Jordan Siemens / DigitalVision / Getty Images

Card balances dropped in 2020 for the first time in nine years

Data from Experian show balances fell 14% as consumers spent less and received federal aid amid COVID-19


While overall balances on mortgages, auto loans, student loans and personal loans all continued their steady climb in 2020, credit card balances dropped, according to Experian.

The content on this page is accurate as of the posting date; however, some of our partner offers may have expired. Please review our list of best credit cards, or use our CardMatch™ tool to find cards matched to your needs.

For almost a decade, credit card balances have consistently ticked up, year after year. Until now, that is — and in the middle of a pandemic, no less.

While most other debts grew, card balances shrunk

Credit reporting agency Experian recently released its Consumer Credit Review, based on 2020 Q3 data, and it revealed a bit of a surprise. While the overall balances on mortgages, auto loans, student loans and personal loans all continued their steady climb, credit card balances dropped.

Not only did card balances move downward for the first time since 2011, but they dropped by a substantial 14%.

Mortgages, auto loans and personal loans had edged just slightly higher by the end of 2020’s third quarter, rising a modest 1-2%. Meanwhile, student loan balances saw the biggest increase, jumping 9%.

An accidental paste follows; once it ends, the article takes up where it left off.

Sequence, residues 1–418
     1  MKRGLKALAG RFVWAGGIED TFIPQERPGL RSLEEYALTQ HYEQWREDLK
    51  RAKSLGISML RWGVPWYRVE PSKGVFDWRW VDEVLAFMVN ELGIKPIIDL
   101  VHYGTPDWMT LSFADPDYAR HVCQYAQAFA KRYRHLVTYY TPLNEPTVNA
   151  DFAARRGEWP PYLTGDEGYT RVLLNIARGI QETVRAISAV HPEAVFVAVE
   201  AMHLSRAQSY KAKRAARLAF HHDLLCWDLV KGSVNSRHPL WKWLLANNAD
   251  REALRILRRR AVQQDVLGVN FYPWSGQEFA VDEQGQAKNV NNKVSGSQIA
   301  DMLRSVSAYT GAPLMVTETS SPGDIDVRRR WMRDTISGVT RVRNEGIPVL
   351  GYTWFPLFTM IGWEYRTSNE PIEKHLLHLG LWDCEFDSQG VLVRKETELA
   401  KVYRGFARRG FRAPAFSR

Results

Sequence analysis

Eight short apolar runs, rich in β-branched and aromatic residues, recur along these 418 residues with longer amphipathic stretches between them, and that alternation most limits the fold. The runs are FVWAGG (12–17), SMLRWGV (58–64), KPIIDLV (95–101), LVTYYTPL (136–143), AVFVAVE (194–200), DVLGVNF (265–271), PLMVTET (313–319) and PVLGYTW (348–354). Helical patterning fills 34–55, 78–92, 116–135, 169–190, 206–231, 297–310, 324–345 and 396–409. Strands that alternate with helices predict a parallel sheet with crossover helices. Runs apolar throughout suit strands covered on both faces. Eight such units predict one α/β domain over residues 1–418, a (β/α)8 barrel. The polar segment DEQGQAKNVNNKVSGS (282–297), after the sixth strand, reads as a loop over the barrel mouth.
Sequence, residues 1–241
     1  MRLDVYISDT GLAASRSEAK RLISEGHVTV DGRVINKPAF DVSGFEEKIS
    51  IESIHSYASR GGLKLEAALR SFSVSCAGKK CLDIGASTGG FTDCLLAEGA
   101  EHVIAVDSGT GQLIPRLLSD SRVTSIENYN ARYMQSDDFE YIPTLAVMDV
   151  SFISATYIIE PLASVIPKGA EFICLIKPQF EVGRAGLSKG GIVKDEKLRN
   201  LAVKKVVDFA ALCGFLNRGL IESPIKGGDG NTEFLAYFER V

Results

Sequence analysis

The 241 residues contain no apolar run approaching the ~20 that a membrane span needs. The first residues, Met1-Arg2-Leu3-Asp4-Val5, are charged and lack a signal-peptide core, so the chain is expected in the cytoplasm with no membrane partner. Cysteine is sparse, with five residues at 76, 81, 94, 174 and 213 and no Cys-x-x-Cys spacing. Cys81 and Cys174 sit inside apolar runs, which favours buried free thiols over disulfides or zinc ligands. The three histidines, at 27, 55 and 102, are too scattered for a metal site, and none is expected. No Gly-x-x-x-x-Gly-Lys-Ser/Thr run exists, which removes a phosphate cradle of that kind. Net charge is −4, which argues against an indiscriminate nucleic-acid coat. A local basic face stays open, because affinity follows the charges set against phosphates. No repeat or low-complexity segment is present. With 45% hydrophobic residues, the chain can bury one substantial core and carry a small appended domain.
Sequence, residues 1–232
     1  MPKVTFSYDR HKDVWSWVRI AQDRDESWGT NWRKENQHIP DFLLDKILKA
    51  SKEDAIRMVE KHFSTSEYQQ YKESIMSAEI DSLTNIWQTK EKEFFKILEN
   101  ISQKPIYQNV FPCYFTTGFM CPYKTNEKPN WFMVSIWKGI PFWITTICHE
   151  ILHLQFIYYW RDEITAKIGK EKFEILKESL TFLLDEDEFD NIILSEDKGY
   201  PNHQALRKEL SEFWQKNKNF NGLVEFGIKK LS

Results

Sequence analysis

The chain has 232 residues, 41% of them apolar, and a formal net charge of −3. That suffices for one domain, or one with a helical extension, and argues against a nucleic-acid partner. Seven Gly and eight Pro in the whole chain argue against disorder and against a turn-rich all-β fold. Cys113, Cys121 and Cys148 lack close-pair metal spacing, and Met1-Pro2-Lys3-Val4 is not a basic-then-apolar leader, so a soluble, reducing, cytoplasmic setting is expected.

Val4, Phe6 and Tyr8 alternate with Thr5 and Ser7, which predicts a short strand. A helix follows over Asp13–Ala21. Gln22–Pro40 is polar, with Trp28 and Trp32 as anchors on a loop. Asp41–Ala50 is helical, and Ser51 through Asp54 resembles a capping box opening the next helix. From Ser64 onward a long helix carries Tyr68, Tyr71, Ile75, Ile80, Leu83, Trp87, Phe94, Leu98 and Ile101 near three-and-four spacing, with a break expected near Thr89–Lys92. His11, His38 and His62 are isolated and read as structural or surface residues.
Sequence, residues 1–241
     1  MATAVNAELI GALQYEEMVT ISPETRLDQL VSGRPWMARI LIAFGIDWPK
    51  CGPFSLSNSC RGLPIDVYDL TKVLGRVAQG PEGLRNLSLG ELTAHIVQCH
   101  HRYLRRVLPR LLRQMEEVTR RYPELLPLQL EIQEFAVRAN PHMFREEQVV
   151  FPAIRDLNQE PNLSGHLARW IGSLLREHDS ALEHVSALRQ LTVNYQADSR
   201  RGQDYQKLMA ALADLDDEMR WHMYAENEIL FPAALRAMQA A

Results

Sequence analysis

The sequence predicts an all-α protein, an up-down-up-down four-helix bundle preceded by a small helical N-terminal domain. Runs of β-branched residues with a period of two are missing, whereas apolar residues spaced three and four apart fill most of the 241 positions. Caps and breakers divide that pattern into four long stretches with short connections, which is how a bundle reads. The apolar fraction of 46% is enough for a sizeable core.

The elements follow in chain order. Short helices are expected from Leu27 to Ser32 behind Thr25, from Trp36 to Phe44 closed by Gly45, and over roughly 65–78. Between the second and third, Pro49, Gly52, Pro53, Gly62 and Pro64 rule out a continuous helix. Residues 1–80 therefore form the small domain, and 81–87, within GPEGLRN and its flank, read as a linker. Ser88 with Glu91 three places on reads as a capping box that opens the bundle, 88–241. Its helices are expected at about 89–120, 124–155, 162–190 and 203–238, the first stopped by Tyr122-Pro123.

See related: Credit activity still on the rise since pandemic lows

Only HELOCs joined credit card balances in dropping during 2020, with balances down 7%.

According to Experian data, U.S. cardholders have seen their average balance decrease by $879 in 2020, from $6,194 at the end of 2019 down to $5,315 in 2020 Q3.

Though Covid-19 has wreaked havoc on the economy and on many households’ finances, the mandatory lockdowns and business closures also stunted consumer spending. That combined with economic stimulus measures such as cash payments and debt relief may have contributed to consumers being able to pay down their card balances.

In addition, fewer cardholders are late on their payments. While the share of card accounts that were at least one month past due rose by 3% in 2019, it has dropped by 29% in 2020.

Experian’s analysis is based on aggregated credit report data, with its Q3 report released Jan. 4.

Editorial Disclaimer

The editorial content on this page is based solely on the objective assessment of our writers and is not driven by advertising dollars. It has not been provided or commissioned by the credit card issuers. However, we may receive compensation when you click on links to products from our partners.

What’s up next?

In News

Average credit card interest rates: Week of May 11, 2022

The average credit card interest rate is 16.54%. Say goodbye to unusually low rates on new credit card offers. The days of pandemic-era credit card APRs on most new credit card offers are officially over. As the Federal Reserve begins fighting inflation more forcefully and credit card lenders adjust to…

See more stories
Credit Card Rate Report
Cash Back

Questions or comments?

Contact us

Editorial corrections policies

Learn more